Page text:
Here's a list of cat breeds from one of the largest breed registries in the world, the CFA. There are a number of organizations and governing bodies of the cat fancy worldwide, and the CFA is one of them.
Each has its own requirements and breed standards, thus making the lists from the various organizations different.
From time to time, new breeds will be recognized. Sometimes, it's a matter of recognizing a variant of an existing breed. Sometimes is just a matter of a coat color or length that was previously not allowed.
The Javanese, for example, is a colorful version of the Balinese. The CFA breed standard is the same for the two cats, except for the colors that are allowed for competition. Similarly, the Somali is essentially a longhaired Abyssinian.
Other times, breeders will create a new breed that is quite different from the ones it's created from. It takes time for the breed to develop, and even more time for the characteristics to be considered stable from generation to generation.
Then, an association has to accept the breed and subsequently, the breed is added to the list of breeds for that particular association.
The Cat Fanciers' Association (CFA) is the "World's Largest Registry of Pedigreed Cats" and, as of this update, recognizes 40 breeds in the Championship class, and 1 in the provisional class (The Ragamuffin).
None of the cats in the CFA registry are hybrid cat breeds, and there is a lot of controversy surrounding hybrids.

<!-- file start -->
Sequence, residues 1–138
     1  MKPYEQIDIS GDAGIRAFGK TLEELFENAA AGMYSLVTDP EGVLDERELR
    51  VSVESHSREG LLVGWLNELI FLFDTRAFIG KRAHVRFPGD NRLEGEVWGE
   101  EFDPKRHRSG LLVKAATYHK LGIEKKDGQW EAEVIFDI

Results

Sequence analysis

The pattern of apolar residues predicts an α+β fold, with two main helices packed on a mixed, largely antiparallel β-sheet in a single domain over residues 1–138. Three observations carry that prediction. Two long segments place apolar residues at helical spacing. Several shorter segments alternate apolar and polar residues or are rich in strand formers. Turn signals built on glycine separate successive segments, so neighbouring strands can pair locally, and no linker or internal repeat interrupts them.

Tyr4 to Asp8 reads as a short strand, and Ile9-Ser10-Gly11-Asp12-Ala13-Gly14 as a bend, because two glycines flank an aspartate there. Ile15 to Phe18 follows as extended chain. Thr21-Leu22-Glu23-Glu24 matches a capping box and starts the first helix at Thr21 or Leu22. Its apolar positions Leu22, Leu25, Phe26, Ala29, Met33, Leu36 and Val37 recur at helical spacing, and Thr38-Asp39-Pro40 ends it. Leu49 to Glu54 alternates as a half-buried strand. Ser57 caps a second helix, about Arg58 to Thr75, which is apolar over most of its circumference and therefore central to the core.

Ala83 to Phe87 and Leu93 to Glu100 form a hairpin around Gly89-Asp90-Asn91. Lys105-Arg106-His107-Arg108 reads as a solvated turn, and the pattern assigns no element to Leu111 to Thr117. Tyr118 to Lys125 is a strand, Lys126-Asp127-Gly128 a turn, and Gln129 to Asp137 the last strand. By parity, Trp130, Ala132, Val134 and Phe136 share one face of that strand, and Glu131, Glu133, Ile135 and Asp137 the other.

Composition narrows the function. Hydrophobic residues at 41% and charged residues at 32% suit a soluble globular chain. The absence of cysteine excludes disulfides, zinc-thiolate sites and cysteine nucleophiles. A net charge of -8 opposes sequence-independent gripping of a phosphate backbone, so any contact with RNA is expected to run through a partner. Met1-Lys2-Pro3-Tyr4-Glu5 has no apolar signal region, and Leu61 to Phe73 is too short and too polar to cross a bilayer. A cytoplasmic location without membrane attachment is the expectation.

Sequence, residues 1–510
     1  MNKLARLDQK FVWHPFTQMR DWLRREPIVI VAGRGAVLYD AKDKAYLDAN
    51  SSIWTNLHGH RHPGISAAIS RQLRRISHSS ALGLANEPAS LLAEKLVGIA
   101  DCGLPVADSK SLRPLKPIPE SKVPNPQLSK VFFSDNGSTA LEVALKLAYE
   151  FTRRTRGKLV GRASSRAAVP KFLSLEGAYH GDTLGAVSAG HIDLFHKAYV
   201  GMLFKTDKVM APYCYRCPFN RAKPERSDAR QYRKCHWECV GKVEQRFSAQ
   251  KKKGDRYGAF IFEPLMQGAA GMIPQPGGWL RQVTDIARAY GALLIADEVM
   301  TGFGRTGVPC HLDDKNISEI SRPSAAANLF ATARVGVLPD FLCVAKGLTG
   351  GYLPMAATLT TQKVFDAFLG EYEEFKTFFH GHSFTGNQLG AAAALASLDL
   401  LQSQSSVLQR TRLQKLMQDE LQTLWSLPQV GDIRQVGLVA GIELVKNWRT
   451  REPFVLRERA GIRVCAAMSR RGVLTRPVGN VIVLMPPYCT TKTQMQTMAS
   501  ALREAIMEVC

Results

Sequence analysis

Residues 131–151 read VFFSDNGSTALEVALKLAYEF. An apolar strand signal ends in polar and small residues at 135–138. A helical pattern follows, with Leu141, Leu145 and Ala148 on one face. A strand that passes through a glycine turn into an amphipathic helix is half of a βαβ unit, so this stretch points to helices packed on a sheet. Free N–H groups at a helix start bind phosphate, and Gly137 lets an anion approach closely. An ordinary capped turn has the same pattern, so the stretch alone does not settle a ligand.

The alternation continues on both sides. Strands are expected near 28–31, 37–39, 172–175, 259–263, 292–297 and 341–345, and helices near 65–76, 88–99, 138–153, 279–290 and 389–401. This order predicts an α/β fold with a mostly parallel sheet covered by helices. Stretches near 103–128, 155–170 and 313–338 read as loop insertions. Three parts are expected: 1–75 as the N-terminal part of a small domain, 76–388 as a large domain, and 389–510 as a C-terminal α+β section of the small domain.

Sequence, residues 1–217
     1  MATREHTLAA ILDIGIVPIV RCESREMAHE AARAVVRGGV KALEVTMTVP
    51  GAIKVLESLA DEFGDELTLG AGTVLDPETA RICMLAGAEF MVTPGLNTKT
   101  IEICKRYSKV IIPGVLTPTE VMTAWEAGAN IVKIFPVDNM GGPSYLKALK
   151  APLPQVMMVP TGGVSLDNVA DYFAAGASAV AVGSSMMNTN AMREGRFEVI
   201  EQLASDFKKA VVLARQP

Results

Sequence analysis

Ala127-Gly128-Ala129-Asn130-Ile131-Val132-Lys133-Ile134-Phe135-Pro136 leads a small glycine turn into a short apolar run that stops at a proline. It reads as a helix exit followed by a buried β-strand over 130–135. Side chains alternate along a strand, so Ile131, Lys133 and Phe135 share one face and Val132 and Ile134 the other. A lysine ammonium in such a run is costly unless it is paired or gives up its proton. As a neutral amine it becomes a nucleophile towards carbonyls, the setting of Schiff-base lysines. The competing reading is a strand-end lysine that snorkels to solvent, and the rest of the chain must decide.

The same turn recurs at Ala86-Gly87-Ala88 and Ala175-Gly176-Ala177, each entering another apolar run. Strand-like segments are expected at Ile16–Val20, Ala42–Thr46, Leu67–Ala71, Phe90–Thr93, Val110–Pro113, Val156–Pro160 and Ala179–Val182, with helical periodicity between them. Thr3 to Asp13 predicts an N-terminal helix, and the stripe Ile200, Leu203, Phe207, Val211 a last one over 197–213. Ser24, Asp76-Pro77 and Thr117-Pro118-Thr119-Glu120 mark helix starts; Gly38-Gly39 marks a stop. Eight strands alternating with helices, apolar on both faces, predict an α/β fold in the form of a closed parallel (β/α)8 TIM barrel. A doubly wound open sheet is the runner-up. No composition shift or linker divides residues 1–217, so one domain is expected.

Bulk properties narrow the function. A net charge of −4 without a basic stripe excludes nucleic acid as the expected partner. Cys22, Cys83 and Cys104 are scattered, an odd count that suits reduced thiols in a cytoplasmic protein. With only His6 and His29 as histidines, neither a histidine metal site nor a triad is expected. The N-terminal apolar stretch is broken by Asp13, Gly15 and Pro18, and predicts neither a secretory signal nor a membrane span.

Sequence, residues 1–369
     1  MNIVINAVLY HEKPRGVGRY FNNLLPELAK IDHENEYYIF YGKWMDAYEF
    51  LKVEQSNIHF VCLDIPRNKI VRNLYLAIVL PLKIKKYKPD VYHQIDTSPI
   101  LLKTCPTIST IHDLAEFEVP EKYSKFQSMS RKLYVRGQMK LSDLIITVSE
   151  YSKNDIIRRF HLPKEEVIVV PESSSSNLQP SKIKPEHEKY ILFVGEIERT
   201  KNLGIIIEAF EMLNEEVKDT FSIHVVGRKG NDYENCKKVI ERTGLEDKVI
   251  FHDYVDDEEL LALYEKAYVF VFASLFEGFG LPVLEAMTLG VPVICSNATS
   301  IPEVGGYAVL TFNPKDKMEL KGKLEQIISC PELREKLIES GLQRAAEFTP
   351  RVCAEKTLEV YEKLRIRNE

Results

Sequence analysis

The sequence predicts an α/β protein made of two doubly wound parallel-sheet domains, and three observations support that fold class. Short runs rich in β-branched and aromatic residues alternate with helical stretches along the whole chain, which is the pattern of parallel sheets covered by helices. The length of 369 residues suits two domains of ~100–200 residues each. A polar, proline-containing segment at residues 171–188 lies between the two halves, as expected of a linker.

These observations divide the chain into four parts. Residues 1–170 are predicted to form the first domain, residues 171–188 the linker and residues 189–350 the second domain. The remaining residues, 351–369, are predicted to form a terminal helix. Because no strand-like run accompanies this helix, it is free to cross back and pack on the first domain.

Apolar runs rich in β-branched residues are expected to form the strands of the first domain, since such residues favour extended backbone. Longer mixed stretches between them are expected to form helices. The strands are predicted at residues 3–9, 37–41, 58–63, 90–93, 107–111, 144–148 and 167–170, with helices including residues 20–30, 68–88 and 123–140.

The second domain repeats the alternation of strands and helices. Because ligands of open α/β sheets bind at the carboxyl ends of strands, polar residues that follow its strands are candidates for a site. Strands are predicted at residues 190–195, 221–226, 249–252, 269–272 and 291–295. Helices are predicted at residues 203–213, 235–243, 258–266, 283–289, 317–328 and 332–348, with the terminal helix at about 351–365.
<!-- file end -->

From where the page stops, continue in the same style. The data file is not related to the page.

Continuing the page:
Update: As of 2016, the Bengal cat breed is now allowed to be shown, and is the only hybrid breed in the CFA.
This is a noticeable difference between the CFA and some other organizations in the Cat Fancy, such as The International Association of Cats (TICA). TICA has several hybrid cats in its ranks.
When choosing from among the different cat breeds, it may be helpful to review the breed profiles so you know more about what to expect from a particular breed (Persians need lots of grooming, Siamese are very talkative and active, etc.). Click the links below to read more about each type of cat.
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I miss him so. Mr. Franklin came to us in 2004. Our vet knew we had lost our great friend, the tuxedo cat known as Churchill to cancer 1 month before.
Jasmine is nearly 13 years old and never had any problems before. She has only ever used her litter tray in an emergency as she always likes to go outside.
20 yr old female, spayed at age 1. Began urinating on kitchen counter top. Using foil to deter her from getting up. What could cause her to start this?